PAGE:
Language of Culinary Discourse and Cultural Preservation: A case study of first- and second-generation Punjabi Speakers

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Dr. Aneela Gill
Muhammad Riaz
Amara Batool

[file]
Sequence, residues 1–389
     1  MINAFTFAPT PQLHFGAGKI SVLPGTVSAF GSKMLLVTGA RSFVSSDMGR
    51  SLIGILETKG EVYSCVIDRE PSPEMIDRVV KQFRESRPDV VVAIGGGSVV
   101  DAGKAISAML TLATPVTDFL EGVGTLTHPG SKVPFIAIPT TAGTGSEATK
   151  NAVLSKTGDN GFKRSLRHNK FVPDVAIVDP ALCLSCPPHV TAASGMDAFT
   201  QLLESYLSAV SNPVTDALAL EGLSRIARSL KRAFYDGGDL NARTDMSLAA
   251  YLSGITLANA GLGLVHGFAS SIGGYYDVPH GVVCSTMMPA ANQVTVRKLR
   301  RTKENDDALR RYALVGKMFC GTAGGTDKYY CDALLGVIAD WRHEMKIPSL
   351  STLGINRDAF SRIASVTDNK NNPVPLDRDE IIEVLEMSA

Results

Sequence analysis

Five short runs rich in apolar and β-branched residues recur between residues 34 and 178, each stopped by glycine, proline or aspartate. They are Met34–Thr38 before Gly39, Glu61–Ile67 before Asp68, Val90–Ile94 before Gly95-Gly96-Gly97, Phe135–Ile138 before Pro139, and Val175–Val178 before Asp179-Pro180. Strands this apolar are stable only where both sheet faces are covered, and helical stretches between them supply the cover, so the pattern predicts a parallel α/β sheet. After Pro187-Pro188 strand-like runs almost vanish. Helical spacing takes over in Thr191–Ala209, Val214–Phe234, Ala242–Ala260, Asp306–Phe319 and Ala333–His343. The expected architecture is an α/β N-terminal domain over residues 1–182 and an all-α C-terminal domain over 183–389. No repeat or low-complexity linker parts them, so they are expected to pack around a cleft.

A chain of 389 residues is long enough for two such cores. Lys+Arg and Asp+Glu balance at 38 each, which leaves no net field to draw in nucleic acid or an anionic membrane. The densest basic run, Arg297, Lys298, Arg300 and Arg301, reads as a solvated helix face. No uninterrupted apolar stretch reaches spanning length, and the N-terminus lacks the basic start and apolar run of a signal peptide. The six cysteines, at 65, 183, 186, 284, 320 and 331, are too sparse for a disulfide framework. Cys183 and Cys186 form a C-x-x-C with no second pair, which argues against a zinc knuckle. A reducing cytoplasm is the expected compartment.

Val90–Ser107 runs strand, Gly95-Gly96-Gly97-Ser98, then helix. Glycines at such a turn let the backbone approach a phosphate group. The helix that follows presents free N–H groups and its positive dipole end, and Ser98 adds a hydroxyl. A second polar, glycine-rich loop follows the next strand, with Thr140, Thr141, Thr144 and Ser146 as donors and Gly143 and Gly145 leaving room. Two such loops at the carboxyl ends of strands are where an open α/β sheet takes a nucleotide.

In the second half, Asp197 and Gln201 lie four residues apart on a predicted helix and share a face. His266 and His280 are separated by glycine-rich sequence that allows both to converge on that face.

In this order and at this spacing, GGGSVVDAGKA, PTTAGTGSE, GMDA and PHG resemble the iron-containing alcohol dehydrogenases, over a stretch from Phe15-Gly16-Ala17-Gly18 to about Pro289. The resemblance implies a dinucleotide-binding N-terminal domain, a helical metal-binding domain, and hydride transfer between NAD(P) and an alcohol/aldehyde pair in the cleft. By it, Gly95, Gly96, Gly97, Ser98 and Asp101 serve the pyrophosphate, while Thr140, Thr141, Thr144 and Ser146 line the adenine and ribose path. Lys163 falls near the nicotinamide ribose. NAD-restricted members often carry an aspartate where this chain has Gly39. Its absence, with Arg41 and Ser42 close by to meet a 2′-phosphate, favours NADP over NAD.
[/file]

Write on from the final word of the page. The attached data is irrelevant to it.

Food is an important aspect of any culture and so is language.  The study hypothesizes that the language in which the culinary discourse takes place plays a role in preserving that language’s (culinary) culture. In order to test this hypothesis, dinner-time conversations of six families have been recorded: three Punjabi-speaking families and three Urdu-Punjabi families (in which the second generation speaks Urdu).  Moreover, three Punjabi speakers and three Urdu-Punjabi speakers are interviewed.  The data thus collected are analyzed using van Dijk’s (1993) framework of critical discourse analysis, which is presented as a conceptual triangle that connects society, discourse, and social cognition. The findings of the study reveal that the Urdu-speaking second generation of Punjabi speakers demonstrates either an unfamiliarity or a dislike for traditional Punjabi food.  They are also found unaware of most of the culinary vocabulary, show a greater inclination towards fast food, and, therefore, exhibit a noticeable change in the culinary culture with the change in their language.

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